Pathway to Work

Pathway to Work

New Outreach Program Helps Put N.H.’s Unemployed Back on the Job
Thursday, February 20, 2014

Julia Heinlein opened Vanish Laser Studio in Portsmouth

Julia Heinlein opened Vanish Laser Studio in Portsmouth on Jan. 3, 2014, with help from the NH Small Business Development Center (NH SBDC) as part of the state’s new Pathway to Work program.

When Julia Heinlein lost her job after the Portsmouth medical practice she worked for closed in the summer of 2013, the licensed advanced registered nurse practitioner with more than six years’ experience managing laser services decided it was time to work for herself.

But before opening Vanish Laser Studio in Portsmouth on Jan. 3, 2014, she spent time working with Katherine McCormick, a business counselor with the NH Small Business Development Center (NH SBDC) as part of the state’s new Pathway to Work program.

An outreach program of the UNH Peter T. Paul College of Business and Economics, the NH SBDC, which this year celebrates its 30th year serving the Granite State, has partnered with New Hampshire Employment Security to offer the Pathway to Work program allows eligible out-of-work residents to start their own businesses while continuing to receive unemployment benefits.

N.H. Employment Security identifies eligible candidates, provides orientation and accepts people into the program. NH SBDC helps screen applicants to determine if their business ideas are feasible. It then provides entrepreneurial training, business counseling and technical assistance to participants.

Since Pathway to Work was created by the state in July 2013, the NH SBDC has worked with more than 52 budding entrepreneurs who are Pathway to Work clients, some of whom like Heinlein have already launched businesses.

"Because of Pathway to Work, I was able to continue to do what I love - helping people improve their self-image with cosmetic laser services," Heinlein said. "I am thrilled to open my own studio and provide customized services. I couldn't have done it without the help of my mentor and support of this program. The SBDC reviewed my business plan; helped me forecast cash-flow projections and provides ongoing support."

The NH SBDC and UNH have a long history of assisting entrepreneurs in the Granite State. In the four years prior to the launch of Pathway to Work, NH SBDC business advising helped launch 62 new startups that created 390 new jobs and raised $12.5 million in new capital. According to research conducted by the U.S. Small Business Administration, nationally 80 percent of SBDC-counseled businesses are still in operation, compared to 44 percent of non-assisted businesses.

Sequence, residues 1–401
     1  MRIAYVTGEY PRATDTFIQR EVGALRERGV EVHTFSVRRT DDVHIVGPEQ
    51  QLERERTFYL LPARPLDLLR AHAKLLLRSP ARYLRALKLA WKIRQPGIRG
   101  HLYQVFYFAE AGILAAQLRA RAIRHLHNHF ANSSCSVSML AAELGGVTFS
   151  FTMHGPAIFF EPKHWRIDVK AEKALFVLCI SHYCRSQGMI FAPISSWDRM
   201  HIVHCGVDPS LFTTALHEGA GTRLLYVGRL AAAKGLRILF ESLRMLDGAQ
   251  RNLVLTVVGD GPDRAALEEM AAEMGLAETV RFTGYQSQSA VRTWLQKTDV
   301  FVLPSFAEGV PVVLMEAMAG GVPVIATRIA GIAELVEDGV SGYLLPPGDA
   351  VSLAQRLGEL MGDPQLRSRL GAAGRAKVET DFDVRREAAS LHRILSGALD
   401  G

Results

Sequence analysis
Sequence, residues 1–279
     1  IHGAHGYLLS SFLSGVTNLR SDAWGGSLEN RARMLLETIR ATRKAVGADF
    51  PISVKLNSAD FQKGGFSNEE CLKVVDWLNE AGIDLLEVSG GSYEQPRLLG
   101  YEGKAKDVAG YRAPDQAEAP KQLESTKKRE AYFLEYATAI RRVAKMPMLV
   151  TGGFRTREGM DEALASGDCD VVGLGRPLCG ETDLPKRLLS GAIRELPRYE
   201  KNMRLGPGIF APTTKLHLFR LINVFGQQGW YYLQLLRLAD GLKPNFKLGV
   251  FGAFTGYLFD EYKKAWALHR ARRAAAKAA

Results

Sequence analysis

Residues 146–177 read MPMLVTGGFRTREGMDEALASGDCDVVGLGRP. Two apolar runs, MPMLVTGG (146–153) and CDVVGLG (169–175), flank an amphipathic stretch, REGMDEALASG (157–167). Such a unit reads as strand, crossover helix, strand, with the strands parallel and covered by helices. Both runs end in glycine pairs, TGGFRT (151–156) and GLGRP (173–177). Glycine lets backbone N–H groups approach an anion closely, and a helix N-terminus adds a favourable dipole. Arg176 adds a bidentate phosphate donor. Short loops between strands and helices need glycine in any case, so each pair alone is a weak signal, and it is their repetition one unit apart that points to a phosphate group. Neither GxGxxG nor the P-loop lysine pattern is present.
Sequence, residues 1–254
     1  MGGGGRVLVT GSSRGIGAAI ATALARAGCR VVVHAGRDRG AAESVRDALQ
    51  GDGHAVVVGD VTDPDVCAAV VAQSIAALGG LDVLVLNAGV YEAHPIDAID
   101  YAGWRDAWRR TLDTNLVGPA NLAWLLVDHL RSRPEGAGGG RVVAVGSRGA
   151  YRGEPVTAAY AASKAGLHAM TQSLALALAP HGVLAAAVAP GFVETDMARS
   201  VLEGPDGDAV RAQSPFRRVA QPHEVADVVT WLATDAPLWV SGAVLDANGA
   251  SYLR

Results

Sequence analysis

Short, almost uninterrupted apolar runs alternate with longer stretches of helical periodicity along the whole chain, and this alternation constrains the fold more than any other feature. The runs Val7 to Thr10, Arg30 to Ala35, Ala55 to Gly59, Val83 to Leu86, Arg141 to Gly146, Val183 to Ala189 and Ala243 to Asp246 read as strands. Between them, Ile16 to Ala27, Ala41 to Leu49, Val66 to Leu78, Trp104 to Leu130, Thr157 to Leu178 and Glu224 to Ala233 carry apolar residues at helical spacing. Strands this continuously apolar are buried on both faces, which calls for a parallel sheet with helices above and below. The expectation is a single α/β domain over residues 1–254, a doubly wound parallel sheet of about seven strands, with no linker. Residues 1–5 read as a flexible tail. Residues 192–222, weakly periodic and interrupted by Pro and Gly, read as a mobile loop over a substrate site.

Recently, Citizens Bank Foundation donated $20,000 to the NH SBDC to support Pathway to Work.

“Citizens Bank is committed to strengthening the communities we serve, and we believe this a great way to help the unemployed not merely find work but actually begin a company of their own. We know that starting a business requires not just determination, but specific knowledge and skills. The SBDC will provide critical resources to ensure that eligible New Hampshire residents launch successful businesses that will contribute to our state’s economy,” said Joe Carelli, president of Citizens Bank.

To participate in Pathway to Work, an unemployed worker must be eligible to receive regular unemployment compensation, permanently laid off from his or her previous job, identified as likely to exhaust regular unemployment compensation, and engaged full-time in establishing a business and becoming self-employed.

The range of businesses the NH SBDC is working with in the Pathway to Work program is diverse and includes solar panel sales, Internet video production, interior design, photography, a laser studio, a personal trainer, a music school, search optimization for Websites, a winery, engineering and manufacturing, mediation services, a software security service and a cross fit business.

“Through Pathway to Work, New Hampshire is retaining valuable members of our communities - folks who volunteer, participate on town committees, engage in school activities and contribute to the quality of our daily life in the state,” said Mary Collins, executive director of the NH SBDC.

“I want to thank Citizens Bank for their support in moving this critical program forward,” Collins said. “Their contribution is enabling us to expand Pathway to Work and help today’s unemployed not only get back on their feet, but create jobs for others down the road.”

The NH SBDC is an outreach program of the UNH Peter T. Paul College of Business and Economics and a partnership with the State of NH, the US SBA and the private sector.

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